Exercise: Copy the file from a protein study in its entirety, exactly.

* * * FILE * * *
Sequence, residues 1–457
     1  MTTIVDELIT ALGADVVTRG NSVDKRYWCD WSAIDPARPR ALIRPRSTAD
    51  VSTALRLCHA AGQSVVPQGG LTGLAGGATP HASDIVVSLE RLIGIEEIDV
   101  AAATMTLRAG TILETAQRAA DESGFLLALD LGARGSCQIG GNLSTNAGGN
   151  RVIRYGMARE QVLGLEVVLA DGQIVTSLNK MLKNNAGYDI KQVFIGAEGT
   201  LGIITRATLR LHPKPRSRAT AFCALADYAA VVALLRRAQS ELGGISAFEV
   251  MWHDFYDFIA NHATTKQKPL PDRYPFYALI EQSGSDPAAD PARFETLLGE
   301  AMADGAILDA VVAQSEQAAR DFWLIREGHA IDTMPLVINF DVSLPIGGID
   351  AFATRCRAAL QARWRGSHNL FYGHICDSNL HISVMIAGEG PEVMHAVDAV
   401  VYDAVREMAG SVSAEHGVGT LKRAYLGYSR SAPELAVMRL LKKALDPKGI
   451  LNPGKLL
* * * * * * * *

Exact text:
Sequence, residues 1–457
     1  MTTIVDELIT ALGADVVTRG NSVDKRYWCD WSAIDPARPR ALIRPRSTAD
    51  VSTALRLCHA AGQSVVPQGG LTGLAGGATP HASDIVVSLE RLIGIEEIDV
   101  AAATMTLRAG TILETAQRAA DESGFLLALD LGARGSCQIG GNLSTNAGGN
   151  RVIRYGMARE QVLGLEVVLA DGQIVTSLNK MLKNNAGYDI KQVFIGAEGT
   201  LGIITRATLR LHPKPRSRAT AFCALADYAA VVALLRRAQS ELGGISAFEV
   251  MWHDFYDFIA NHATTKQKPL PDRYPFYALI EQSGSDPAAD PARFETLLGE
   301  AMADGAILDA VVAQSEQAAR DFWLIREGHA IDTMPLVINF DVSLPIGGID
   351  AFATRCRAAL QARWRGSHNL FYGHICDSNL HISVMIAGEG PEVMHAVDAV
   401  VYDAVREMAG SVSAEHGVGT LKRAYLGYSR SAPELAVMRL LKKALDPKGI
   451  LNPGKLL